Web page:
COVID-19: Making online fundraising events work for your organisation
As we gear up to bring our annual fundraising event online, ILGA-Europe’s Partnerships Manager, Anna Shepherd gives her top tips for organising online events and bringing supporters on board.
The team at ILGA-Europe started planning our annual fundraising event, the European Equality Gala, way back last autumn. We came up with an exciting new theme, signed a contract with the venue and confirmed sponsors and entertainers. Then COVID-19 hit, and everything changed.
We entered lockdown and it became clear that the situation would last a while, so we needed to take a decision on whether to cancel, postpone or adapt the event. We carried out a thorough risk assessment weighing up different scenarios, financial impact, and our responsibility towards our community of supporters. In the end, we took what now seems like the only right decision to cancel the physical event and organise a virtual event instead. But how to do it?
Our Gala will go ahead on June 25 as planned, but it will be an online event. We’ll be providing our supporters a virtual space to come together, enjoy some entertainment and inspiring speakers, and contribute to strengthening the European LGBTI movement. There won’t be a cocktail bar or dance floor, but we aim to keep as much as the spirit of the Gala as possible.
Now that we’re in full swing planning the ILGA-Europe European Equality Gala Online, we want to share some tips to help your organisation, whether you’re moving a physical fundraising event online or trying out a new online fundraising concept.
1. Get your creative juices flowing
Your imagination is the limit when it comes to online fundraising events: you could hold a virtual auction, raffle, quiz, drag show, concert, tutorial etc. Actual fundraising can take the form of tickets sold in advance, a suggested donation to enter, raffle and auction, or asking for donations in the run-up and during the event.
Here are a few inspiring examples of lockdown fundraising from LGBTI groups: German author Saša Stanišić gave an online reading collecting donations for Queerbase, an LGBTI refugee support group in Vienna. Drag artist Deliberately Steve did an interactive show via Zoom asking for donations to international LGBTI fund GiveOut. The Terrence Higgins Trust, a sexual health charity, are holding an online pub quiz to raise money to support people living with HIV. #EurovisionAgain is synchronised viewing of old Eurovision Song Contests every Saturday night, raising money for LGBTI charities in the UK. Diversionary, an LGBT community theatre in San Diego, held a virtual silent auction and raffle.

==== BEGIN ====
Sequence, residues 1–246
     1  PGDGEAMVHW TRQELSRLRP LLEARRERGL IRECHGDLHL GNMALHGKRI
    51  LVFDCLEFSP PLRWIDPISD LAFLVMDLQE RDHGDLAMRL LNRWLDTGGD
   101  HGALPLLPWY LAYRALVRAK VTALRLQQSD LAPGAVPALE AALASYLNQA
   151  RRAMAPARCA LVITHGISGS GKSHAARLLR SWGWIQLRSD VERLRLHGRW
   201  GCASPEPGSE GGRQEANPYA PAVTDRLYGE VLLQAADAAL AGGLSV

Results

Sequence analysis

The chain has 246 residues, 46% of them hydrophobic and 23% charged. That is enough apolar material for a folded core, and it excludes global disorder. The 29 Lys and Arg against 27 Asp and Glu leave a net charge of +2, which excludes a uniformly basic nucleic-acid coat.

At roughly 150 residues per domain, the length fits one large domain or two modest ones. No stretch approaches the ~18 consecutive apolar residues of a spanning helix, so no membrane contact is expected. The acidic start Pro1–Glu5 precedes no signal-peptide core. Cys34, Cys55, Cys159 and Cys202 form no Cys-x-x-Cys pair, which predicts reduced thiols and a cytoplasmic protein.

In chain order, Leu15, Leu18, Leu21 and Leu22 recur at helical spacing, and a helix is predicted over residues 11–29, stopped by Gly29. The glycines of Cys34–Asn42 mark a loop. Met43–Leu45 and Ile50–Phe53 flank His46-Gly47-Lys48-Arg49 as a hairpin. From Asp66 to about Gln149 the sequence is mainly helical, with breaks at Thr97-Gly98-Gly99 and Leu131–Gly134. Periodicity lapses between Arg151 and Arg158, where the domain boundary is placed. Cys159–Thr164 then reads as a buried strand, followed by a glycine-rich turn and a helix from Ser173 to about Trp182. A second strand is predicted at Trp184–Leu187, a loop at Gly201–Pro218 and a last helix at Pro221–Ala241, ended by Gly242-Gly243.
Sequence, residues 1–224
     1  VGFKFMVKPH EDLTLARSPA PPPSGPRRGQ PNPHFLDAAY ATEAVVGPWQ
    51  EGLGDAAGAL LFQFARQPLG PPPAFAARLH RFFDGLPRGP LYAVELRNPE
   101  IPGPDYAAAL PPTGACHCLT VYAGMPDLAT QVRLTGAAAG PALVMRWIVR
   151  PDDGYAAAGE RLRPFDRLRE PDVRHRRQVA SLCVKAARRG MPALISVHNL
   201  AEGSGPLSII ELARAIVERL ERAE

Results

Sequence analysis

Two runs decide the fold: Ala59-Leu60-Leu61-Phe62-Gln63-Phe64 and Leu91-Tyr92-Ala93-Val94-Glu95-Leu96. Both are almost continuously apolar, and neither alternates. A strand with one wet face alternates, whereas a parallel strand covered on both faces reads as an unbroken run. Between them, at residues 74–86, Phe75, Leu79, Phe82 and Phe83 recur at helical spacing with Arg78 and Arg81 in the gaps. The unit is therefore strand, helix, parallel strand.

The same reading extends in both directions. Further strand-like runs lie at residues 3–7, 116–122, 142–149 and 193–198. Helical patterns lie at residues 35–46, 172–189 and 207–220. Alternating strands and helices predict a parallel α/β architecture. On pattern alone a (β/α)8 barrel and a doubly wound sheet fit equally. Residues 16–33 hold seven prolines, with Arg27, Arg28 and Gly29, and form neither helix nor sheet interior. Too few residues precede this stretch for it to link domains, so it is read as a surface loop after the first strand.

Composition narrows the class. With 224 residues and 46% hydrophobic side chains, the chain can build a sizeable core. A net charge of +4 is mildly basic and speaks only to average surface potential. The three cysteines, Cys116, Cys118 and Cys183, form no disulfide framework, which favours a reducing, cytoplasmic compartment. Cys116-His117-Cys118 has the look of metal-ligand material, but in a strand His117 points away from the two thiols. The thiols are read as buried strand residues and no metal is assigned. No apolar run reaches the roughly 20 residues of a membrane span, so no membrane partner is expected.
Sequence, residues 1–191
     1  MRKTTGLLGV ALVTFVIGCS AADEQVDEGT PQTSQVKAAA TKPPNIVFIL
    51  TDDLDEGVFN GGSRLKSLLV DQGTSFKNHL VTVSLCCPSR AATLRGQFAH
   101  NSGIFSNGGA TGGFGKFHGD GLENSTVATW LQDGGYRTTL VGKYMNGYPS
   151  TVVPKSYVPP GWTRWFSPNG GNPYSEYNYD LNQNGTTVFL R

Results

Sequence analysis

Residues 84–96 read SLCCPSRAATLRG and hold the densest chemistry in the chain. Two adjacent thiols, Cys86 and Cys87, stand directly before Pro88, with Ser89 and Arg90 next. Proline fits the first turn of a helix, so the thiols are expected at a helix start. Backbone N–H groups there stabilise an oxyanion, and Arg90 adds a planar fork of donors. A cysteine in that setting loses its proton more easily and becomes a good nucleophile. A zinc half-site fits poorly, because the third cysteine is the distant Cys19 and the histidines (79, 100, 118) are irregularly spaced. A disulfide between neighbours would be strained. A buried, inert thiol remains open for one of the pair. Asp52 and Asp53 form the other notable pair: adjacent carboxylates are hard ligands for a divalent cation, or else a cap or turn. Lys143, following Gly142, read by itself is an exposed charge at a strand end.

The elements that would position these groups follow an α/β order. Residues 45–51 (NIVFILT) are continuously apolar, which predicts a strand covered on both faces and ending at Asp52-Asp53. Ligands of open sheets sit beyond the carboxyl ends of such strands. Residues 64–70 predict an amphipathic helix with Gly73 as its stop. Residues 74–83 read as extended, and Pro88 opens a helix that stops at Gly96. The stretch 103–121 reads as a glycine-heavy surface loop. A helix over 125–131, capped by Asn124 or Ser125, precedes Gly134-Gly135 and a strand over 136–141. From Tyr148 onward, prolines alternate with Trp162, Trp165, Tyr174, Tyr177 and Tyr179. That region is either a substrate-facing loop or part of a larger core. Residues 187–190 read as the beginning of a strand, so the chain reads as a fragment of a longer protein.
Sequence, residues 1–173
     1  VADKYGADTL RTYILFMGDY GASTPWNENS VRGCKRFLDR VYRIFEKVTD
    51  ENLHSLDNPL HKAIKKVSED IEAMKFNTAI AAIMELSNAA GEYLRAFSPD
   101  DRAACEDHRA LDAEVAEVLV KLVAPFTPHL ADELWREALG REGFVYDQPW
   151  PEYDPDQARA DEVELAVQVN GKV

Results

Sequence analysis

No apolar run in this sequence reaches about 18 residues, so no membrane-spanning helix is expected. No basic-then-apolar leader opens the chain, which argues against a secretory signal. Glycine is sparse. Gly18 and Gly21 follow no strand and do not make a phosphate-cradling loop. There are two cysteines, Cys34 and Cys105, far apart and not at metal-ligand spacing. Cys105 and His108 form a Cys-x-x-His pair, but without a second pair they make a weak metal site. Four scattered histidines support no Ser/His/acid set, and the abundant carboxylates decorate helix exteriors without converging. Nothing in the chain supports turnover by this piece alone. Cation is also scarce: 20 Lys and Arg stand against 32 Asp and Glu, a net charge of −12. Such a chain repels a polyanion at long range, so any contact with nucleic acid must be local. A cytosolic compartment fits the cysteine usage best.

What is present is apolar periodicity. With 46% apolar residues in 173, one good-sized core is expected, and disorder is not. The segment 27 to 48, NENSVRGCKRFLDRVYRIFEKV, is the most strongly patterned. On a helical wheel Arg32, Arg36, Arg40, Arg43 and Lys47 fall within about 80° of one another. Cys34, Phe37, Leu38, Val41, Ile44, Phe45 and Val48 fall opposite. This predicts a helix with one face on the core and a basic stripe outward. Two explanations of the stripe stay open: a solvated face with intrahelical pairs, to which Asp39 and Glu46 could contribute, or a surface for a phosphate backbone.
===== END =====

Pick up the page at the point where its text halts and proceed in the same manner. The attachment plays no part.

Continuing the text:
2. Do some savvy platform research
There’s no shortage of streaming platforms available, so do your research and choose one that best fits your idea. There’s Facebook and Instagram live; GoToMeetings, Zoom and other webinar platforms; gaming platform Twitch (yes, gaming fundraisers are a thing); and tools specifically designed for fundraising such as Givergy, GoFundMe Charity, jumblebee, GivePenny, Virtual Quiz Events.
Some are free and others come at varying fees, but price shouldn’t be your only criterion: a platform that offers a great user experience and allows easy donations directly on the platform can be worth investing some money in if it can allow you to raise more.
3. Frame the right message
When framing how you are going to communicate about your event, make sure you have a clear ask. Tell people exactly what donations will help achieve. You will need to let supporters know how you are supporting your communities during the pandemic crisis and what the urgent needs are.
4. Spread the word wisely
Think about who you want to target — as always with fundraising you want to target those who are already supportive of your cause, so think past donors and event attendees, social media followers and community members. And of course with virtual events you don’t have to limit yourself to audiences in your city or region. Then make the most of your digital communications tools — email, social media and website — to promote your event. Consider using paid promotion on social media and asking influential community members and supporters to spread the word on your behalf.
5. Plan ahead for smooth running
Just like with a physical event, create a detailed running order and make sure everyone knows their role and responsibilities. Rehearse and double and triple check your tech. What’s your Plan B in case your performer’s WiFi goes down?
6. Don’t forget your supporters, post-event
Don’t forget to follow up with guests of your digital event to thank them and let them know how their support will help. Evaluate your event, get feedback and make a note of what could be improved in future events.
- Fundraising Chat is a Facebook group for people working in fundraising to share experiences and good practice. Not surprisingly, at the moment there’s lots of chat about virtual fundraising events and tools and tech to support them.
- Givergy, fundraising tech company offering a range of solutions such as silent auction technology, started a podcast on fundraising during COVID-19.
- Upaya, a US-based charitable organisation, held their traditional black-tie gala dinner virtually, with a twist of fun. Read their blog about their experience for some useful tips.
- GoFundMe Charity have collected advice on how to handle cancellation of a physical event and host a virtual event when plans change.
- SOGI Campaigns hosted the webinar Let’s FUNdraise For Solidarity! on May 7 and invited ILGA-Europe to take part. You can watch the recording here, in case you missed.
- To access the ILGA-Europe’s ‘Protect, Adapt, Rally’ ongoing resources, click here. The plan is a living thing and new resources will be added regularly.